Statement by the President of Georgia - Today we are all grateful to Ukraine, which is fighting for our freedom!
The dignity of Georgia has always been and still is that we have always stood by our principles and have stood, where Georgia should have!
No one expects us to take measures that would endanger the country, however, everyone expects solidarity from us – you are expecting it, so am I. This is why I am in Paris today and will be visiting Brussels tomorrow – to express Georgian solidarity to Ukraine.
At a time, when all of Europe is united, we too have to become part of this unity. Today, a new window opens, where Europeans are ready to look differently at the future of Ukraine, Georgia and Moldova. We have to be here and want everyone to remember (and this is why I am here) that Georgia, like Ukraine, is one of those countries that tomorrow will be part of Europe, of the Europe that today has showed its dignity with its unity and its active support for Ukraine.
Today, we are all grateful to Ukraine that is fighting for our freedom and we don’t want a different image of Georgia on the international arena.
We are the country that has historically always been faithful to its principles.
Statement by the President of Georgia
New EU military support mission to Ukraine already training 1,100 Ukrainian soldiers
The new Military Assistance Mission of the European Union to support Ukraine (EUMAM for Ukraine), established on 15 November, is already training 1,100 Ukrainian soldiers in different camps, EU High Representative Josep Borrell announced during his visit to the Brzeg training facility in Poland on Friday.
Borrell said this was the broadest military mission the European Union had ever undertaken for any partner. Twenty EU countries are taking part, and they are expected to train 15,000 Ukrainian soldiers. Borrell added that the EU is also going to provide resources – €16 million for lethal equipment for training purposes.
“The Ukrainian army is one of the best in the world. They have proven to be. Ukraine is resisting, fighting off the Russian aggression, which is trying to cruelly push the country into darkness and cold. Humbled by the courageous soldiers and their will to defend their people,” wrote Borrell on Twitter.
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Grain from Ukraine: European Commission pays to ship 40,000 tons of Ukrainian grain via two boats
On 26 November, European Commission President Ursula von der Leyen announced the European Commission would pay for the transportation of 40,000 tonnes of Ukrainian grain on two ships, as part of Ukrainian President Volodymyr Zelenskyy’s ‘Grain from Ukraine’ initiative.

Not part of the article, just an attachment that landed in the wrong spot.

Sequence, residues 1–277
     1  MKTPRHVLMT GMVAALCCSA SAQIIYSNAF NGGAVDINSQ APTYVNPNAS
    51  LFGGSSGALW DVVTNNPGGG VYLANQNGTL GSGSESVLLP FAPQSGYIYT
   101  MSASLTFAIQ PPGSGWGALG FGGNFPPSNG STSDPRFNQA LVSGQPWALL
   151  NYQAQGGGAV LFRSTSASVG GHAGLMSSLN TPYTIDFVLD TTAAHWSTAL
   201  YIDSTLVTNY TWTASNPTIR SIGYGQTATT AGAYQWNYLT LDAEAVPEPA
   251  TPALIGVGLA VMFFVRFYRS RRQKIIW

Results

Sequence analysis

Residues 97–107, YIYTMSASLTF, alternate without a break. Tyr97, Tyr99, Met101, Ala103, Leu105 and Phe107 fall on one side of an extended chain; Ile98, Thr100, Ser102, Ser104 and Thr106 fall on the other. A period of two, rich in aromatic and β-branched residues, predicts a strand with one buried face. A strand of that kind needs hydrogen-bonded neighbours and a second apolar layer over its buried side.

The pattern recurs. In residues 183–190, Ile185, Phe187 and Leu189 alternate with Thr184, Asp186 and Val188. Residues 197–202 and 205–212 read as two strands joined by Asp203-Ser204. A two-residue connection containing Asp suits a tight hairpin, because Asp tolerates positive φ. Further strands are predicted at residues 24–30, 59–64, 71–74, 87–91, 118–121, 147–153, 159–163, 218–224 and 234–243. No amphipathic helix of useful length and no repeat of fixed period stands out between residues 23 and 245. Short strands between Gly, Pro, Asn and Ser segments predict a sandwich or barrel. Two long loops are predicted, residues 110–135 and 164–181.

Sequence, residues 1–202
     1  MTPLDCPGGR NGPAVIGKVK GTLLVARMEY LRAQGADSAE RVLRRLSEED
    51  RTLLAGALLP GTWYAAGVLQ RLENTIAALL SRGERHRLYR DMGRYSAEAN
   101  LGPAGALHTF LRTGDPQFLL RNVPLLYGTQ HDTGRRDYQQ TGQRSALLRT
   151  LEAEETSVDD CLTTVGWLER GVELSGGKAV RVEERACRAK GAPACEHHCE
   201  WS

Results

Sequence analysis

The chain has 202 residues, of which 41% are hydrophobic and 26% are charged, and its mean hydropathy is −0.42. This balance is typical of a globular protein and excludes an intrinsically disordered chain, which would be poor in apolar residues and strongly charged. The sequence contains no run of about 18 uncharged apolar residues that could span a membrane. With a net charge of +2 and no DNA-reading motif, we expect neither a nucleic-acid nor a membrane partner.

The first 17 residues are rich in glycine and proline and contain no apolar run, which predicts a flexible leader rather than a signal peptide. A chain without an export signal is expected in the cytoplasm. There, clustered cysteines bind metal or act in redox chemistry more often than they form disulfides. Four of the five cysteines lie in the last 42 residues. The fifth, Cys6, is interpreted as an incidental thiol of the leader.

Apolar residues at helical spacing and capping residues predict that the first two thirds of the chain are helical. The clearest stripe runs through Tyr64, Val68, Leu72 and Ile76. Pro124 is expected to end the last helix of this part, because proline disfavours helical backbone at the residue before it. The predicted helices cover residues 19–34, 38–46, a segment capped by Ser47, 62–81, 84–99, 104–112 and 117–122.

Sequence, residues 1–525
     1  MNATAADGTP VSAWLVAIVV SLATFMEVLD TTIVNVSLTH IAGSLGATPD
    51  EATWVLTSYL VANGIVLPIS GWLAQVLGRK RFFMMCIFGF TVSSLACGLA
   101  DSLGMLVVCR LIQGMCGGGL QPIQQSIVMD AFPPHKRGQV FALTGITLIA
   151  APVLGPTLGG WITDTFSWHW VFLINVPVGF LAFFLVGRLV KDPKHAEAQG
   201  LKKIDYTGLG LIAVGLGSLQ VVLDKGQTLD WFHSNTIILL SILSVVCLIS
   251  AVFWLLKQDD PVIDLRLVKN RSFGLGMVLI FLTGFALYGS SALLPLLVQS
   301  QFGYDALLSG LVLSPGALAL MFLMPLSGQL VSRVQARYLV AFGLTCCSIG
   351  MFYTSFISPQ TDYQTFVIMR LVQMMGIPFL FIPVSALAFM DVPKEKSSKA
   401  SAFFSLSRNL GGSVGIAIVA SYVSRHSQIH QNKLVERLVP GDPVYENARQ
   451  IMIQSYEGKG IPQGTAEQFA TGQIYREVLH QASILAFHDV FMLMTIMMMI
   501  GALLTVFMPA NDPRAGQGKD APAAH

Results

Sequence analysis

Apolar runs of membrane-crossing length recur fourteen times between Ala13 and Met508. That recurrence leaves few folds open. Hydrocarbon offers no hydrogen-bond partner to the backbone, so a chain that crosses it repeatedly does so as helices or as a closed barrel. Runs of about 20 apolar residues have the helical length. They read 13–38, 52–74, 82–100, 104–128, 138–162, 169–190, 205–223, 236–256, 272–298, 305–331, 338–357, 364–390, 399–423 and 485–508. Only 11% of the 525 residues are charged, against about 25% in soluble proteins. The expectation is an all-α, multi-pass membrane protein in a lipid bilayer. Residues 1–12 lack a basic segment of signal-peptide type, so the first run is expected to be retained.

This will be on top of the 28 million tons of agri products shipped via the EU’s Solidarity Lanes and the Black Sea Grain Initiative, von der Leyen added.
Ukraine launched the ‘Grain from Ukraine’ initiative at the International Summit on Food Security, organised in Kyiv on the anniversary of the Holodomor, the starvation of millions of Ukrainians caused by Soviet policies in 1932-33.
“90 years after the Holodomor, we honour the memory of Ukraine’s victims. They died in silence, starving to death, and, at that time, the world did not rise to help them. We will not let this happen again,” said von der Leyen. “Today, Russia is again using food as a weapon.
As part of its brutal aggression against Ukraine, Russia has destroyed your agricultural production, targeted your grain silos, and blockaded your ports.”
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Statement on the occasion of the International Day for the Elimination of Violence Against Women (25 November)
This joint statement is issued by the United Nations system in Georgia, the Delegation of the European Union to Georgia, the Council of Europe Office in Georgia, the EU Monitoring Mission in Georgia and the Embassies to Georgia of Austria, Belgium, Bulgaria, Canada, Croatia, Czechia, Denmark, Estonia, France, Germany, Greece, Israel, Italy, Latvia, Lithuania, the Netherlands, New Zealand, Norway, Poland, Portugal, Romania, Slovakia, Slovenia, Spain, Sweden, Switzerland, the United Kingdom and the United States.
On the International Day for the Elimination of Violence against Women, we would like to join hands with survivors, activists, decision-makers, and people from every walk of life to take a bold stand against this global scourge.
Stigma and impunity have allowed violence against women to escalate to pandemic proportions. Across the world, as well as in Georgia, violence against women and girls remains one of the most pervasive and latent human rights violations, both a cause and a consequence of gender inequality and discrimination.
A world where violence against women and girls is not just condemned but stopped is possible. It can and must be prevented.